Automation is the latest trend in home security systems, allowing users to monitor their residence from a distance via a smartphone or tablet 24/7, even on vacation. Smart security systems are customizable, and homeowners can choose to self-monitor or pay a subscription fee for surveillance by a professional company who will contact emergency services when alarms are triggered.
Craig Morton owns Protect & Serve Security, a small home security installation business in Topeka that he started in 1997. Since then, Morton has performed hundreds of home security installations and has watched as the technology has changed over the years.
“Smart home technology encompasses everything,” said Morton. “There’s a slew of vendors who will provide cameras, Wi-Fi thermostats, Wi-Fi deadbolts, and Wi-Fi garage door openers, all from one phone app.”
The technology works by connecting to a Wi-Fi network so that users can both monitor and control security devices through an app on their phones. Basic systems usually include door and window sensors, a motion detector, and a hub that communicates with these devices and sends information back to the homeowner or monitoring company.
More extensive systems might also have indoor and outdoor security cameras, video doorbells and smart locks.
“Let’s say somebody’s coming to do a home inspection or service your refrigerator, or you left your key in the house,” said Morton.
A smart lock would allow the user to unlock the door for a short period of time to gain entry to the home, and then relock it when they’re finished, all done remotely and without the need and inconvenience of leaving work or driving across town.
Depending on the user’s specific needs, other helpful features can be built into an automated system as well.
“Many security systems have a medical attendant or key fob. There’s a medical pendant on it, and if you fall, you can call for help,” said Morton. “Or a young, single person might want a key fob with a panic button on it.”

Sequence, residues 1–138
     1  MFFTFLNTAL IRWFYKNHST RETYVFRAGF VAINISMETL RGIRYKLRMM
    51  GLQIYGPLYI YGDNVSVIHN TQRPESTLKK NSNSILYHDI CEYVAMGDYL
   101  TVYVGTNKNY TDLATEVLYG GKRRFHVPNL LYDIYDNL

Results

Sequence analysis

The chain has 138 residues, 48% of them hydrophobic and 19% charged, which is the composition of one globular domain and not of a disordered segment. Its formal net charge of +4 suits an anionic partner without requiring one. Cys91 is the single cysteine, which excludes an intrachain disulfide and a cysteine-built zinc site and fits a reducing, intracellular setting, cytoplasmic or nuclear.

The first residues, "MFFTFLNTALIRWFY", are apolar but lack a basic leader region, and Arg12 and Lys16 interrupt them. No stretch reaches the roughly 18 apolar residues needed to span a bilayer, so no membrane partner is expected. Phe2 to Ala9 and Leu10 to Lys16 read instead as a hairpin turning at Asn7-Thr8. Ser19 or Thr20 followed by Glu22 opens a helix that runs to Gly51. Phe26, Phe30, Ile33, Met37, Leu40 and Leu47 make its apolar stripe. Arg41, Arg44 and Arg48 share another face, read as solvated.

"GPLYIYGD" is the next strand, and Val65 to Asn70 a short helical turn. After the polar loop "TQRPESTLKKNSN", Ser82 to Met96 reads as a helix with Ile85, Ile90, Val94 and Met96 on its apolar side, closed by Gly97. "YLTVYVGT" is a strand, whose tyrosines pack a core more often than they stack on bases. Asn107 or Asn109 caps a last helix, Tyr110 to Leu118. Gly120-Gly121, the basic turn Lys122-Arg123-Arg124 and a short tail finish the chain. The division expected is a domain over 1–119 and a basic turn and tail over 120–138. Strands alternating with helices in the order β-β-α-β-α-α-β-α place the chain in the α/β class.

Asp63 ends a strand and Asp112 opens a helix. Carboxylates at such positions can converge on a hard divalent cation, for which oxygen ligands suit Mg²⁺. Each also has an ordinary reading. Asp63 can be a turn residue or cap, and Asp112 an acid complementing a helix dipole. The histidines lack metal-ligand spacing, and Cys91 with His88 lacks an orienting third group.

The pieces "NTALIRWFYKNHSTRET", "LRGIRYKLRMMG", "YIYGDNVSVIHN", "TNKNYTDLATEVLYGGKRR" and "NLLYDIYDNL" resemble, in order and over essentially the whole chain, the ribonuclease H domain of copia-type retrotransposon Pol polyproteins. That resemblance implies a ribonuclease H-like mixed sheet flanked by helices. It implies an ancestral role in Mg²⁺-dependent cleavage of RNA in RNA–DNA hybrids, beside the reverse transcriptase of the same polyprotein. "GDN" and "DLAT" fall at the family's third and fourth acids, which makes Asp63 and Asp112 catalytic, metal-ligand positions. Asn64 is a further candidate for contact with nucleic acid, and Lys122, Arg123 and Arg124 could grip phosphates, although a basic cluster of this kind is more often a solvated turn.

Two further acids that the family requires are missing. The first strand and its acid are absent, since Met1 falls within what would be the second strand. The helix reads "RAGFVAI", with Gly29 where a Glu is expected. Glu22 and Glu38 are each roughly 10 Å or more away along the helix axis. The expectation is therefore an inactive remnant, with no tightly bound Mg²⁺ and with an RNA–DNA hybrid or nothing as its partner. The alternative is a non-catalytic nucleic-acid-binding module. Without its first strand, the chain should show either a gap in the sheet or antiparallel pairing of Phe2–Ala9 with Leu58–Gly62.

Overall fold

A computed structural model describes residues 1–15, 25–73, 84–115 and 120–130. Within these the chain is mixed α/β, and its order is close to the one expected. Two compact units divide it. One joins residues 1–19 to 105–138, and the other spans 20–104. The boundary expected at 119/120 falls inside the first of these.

According to Morton, the next horizon in home automation will stretch past home security and personal safety to monitor all aspects of living.
“There will be a Wi-Fi chip in virtually everything that takes a battery or can be plugged in,” he said.
A comprehensive security system will allow users to create parameters that work in conjunction with two or more connected devices, such as having lights turn on in the house when motion is detected or having the doors unlock when the smoke alarm goes off. They can also be programmed to begin videotaping when a sensor is triggered within the system.
Sensors can tell homeowners if their basement is flooding or will send alerts when smoke or carbon monoxide detectors are triggered so that response times are shortened, even if no one is home at the time. Users can adjust their thermostats from halfway around the world.
Termed “the internet of things,” this type of automated home technology means that someday even vacuums, lawn mowers, and pet feeders may commonly be controlled remotely through an app on a smartphone.
Morton stresses that vetting out home security companies before hiring one is key to getting the system you want and to maintaining your home’s safety.
“Beware of people knocking on your door trying to sell security systems,” Morton said. “Shop around and stay local because you’re helping out the local business.”
He said all professional installers should be wearing an alarm agent license ID around their necks, which is required by the city of Topeka. These licenses must be renewed annually, along with the installer’s professional insurance, and ensure the installer has undergone a KBI background check.
“Alarm monitoring companies won’t monitor a system unless the installer has renewed their license,” said Morton.
He believes everyone can benefit from the installation of a home security system, regardless of how safe they perceive their neighborhood to be.
“Those are higher target areas,” Morton said. “(Criminals) go to areas where there are things that are potentially valuable. One of the greatest features of having a security system is the sense of security. Whether you’re asleep or away from your house, it’s a relatively inexpensive investment to protect your most expensive investment.”
Shanna Sloyer is a freelance writer from Topeka. She can be reached at email@example.com.